Maybe one of the greatest ministry tragedies is when a ministry outgrows its leadership. I see it happen all the time. Something good is happening which causes growth, but the growth put’s pressure on the organization and things start to fall apart. Structure is a key the key to handling growth. Structure will also help you overcome a hectic and frenzied ministry environment.

  • Don’t have enough small group leaders? Structure will help.
  • Have you reached your limit on how well you can lead all the people you are leading? Structure will help.
  • Are parents or kids getting something less than a personal experience on Sunday? Structure will help.

Let me unpack six pieces to a ministry framework that will help you scale your ministry to something healthy and thriving.


The best place to begin is with how you organize your team of small group leaders. With smaller teams, organizing them isn’t difficult to do. Like a basketball team, everyone knows everyone else on the team and the positions they play. In fact, all of them are generalists. Though they each bring different strengths to the team, they all play offense and defense making the entire team flexible and nimble. If you were to map your smaller, basketball-like team on paper, all names would point directly to you. You’re their coach, their guide, their primary encourager. And all works well until new families start coming. More kids are in your environment. Your ministry is growing. As a result, you have to recruit more small group leaders. You bring them on the team, define their role, get them some “on the job” training and you should be off to the races. But with each new small group leader you add, your team grows and over time – your team changes. You move from coaching a basketball team to coaching a football team. With a football team, there are far more players and very few generalists. With football teams, sheer numbers alone prevent you from knowing your volunteers in a meaningful way. And if you can’t know your small group leaders in a meaningful way, then how can you encourage, guide, equip and empower them for meaningful ministry? The key is in how you organize them. (Read more about this great analogy from Sticky Teams by Larry Osborne.)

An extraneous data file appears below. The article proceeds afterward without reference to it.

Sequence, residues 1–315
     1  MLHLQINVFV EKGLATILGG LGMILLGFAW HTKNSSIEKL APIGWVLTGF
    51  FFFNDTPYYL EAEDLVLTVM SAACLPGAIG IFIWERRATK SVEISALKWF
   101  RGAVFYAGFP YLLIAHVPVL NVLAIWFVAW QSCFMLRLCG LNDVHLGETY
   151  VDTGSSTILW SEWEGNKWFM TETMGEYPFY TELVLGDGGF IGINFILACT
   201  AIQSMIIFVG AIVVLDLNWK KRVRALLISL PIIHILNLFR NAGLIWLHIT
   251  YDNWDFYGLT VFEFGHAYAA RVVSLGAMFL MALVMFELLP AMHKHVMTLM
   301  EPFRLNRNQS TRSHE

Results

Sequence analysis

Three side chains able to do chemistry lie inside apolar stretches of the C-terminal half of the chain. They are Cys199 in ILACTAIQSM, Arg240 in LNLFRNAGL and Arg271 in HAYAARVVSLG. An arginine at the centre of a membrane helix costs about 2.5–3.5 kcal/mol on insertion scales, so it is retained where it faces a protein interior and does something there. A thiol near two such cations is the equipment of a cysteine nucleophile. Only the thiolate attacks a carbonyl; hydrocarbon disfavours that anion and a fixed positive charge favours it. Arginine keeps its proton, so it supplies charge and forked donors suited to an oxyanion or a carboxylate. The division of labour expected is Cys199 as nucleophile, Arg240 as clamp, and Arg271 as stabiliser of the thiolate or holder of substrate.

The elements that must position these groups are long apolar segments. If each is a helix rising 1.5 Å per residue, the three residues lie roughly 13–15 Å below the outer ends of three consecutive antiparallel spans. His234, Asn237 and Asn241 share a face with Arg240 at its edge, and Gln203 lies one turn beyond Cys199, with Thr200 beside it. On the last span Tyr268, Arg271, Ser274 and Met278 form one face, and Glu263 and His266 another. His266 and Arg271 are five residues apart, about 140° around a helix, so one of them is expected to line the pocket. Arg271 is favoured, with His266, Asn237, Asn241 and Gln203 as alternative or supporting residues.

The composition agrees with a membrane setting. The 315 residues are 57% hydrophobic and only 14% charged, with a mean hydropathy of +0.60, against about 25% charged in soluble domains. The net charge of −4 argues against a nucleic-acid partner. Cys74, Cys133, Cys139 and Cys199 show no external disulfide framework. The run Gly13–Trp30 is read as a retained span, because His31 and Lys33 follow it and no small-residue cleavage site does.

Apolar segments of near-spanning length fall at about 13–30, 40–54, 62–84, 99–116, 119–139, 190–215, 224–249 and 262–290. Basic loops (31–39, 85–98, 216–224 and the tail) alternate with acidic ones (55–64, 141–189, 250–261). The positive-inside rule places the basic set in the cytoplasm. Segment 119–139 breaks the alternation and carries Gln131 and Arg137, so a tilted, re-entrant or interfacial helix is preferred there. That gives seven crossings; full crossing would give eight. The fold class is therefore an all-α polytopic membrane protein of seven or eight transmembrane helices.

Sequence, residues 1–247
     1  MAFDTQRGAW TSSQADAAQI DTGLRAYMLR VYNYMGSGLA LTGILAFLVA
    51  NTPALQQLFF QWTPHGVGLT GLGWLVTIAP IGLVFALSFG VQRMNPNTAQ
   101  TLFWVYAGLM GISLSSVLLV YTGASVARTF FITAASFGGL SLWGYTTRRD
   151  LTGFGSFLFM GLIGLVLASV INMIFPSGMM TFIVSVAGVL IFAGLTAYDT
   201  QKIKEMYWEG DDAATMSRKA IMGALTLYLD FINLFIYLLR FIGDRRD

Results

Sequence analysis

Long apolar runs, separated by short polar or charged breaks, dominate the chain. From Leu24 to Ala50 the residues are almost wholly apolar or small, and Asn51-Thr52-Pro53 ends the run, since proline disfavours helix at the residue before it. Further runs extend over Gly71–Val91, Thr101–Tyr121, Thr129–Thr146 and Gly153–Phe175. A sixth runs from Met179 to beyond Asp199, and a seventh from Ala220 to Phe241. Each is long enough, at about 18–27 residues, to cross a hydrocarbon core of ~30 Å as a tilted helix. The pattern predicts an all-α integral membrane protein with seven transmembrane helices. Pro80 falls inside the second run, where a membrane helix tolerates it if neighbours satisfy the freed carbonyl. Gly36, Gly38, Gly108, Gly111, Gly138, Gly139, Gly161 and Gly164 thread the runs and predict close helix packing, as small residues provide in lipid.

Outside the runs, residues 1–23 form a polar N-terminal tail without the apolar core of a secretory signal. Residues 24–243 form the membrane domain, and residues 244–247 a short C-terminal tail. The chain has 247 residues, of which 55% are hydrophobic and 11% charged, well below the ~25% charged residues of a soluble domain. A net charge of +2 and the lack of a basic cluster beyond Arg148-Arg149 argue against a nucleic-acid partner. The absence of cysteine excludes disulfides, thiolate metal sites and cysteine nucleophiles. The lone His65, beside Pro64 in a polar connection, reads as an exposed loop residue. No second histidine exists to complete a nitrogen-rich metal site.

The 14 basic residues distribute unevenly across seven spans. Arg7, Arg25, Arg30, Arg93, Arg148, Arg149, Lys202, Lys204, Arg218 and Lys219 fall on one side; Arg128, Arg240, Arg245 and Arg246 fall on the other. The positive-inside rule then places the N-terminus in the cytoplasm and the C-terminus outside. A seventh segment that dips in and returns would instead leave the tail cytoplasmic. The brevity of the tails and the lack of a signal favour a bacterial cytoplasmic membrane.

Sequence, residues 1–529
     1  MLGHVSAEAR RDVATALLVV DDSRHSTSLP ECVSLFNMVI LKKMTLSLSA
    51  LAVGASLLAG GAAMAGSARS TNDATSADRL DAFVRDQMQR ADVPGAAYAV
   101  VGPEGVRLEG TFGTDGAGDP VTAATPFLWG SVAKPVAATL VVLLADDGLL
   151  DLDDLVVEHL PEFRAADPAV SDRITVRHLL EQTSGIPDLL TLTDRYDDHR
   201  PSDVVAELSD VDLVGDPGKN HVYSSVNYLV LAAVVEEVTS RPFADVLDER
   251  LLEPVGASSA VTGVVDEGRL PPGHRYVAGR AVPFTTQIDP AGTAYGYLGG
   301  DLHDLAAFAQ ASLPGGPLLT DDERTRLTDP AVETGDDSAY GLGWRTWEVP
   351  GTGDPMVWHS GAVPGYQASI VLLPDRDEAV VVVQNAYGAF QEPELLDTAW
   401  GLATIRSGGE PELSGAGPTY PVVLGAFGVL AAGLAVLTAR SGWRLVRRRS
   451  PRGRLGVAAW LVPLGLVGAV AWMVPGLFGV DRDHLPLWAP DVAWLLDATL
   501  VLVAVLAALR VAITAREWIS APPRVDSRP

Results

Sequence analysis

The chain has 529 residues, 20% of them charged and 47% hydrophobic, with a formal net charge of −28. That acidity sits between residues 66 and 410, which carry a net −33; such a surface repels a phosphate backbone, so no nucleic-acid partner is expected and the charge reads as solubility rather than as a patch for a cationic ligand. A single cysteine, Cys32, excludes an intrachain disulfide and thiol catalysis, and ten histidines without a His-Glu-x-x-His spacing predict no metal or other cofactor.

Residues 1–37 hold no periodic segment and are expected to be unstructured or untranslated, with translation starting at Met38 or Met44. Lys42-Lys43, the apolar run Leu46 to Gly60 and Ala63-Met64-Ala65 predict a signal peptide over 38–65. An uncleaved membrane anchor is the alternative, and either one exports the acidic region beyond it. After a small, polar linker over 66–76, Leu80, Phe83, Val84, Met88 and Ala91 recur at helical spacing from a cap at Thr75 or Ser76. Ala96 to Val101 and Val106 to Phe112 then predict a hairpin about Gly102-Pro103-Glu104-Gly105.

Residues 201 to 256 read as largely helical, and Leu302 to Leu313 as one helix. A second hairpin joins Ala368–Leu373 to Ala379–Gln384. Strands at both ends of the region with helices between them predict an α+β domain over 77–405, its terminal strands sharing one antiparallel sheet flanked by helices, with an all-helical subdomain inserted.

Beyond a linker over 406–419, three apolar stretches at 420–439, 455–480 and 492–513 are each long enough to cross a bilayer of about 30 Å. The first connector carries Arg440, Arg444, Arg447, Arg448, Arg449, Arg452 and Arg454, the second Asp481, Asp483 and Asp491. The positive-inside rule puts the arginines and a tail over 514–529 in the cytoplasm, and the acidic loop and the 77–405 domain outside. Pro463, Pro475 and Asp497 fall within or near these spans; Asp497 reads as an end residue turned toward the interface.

Start by defining leadership roles. The very purpose of these roles is to help you to do together what you cannot do alone. To know, encourage, guide, equip and empower your team of small group leaders. In my setting, we have two leadership layers: Team Leads and Coaches. These roles have specific job descriptions that describe what is expected from their role and how they can win. It looks a little something like this:

Small Group Leader <  Team Lead < Coach

This is a great start to establishing layers of leadership on your team. But we can’t stop here.


The next step to organizing your team is to set ratios. You probably have ratios that define when to add more volunteers based upon the number of kids in attendance. The truth is, if you have 30 kindergartners and one small group leader, things will not go well. The same holds true for your leadership layers. How do you know if you have enough leaders helping you to lead your team? That’s where a ratio is very handy. At Faith Promise, we set a ratio of 6 Small Group Leaders per Team Lead and 4 Team Leads per Coach. It takes the guesswork out. For every 8 kids we increase, we add a Small Group Leader. For every 4 SGLs, we add a Team Lead. These ratios help predict when to add a layer of leadership to ensure the team remains relationally strong.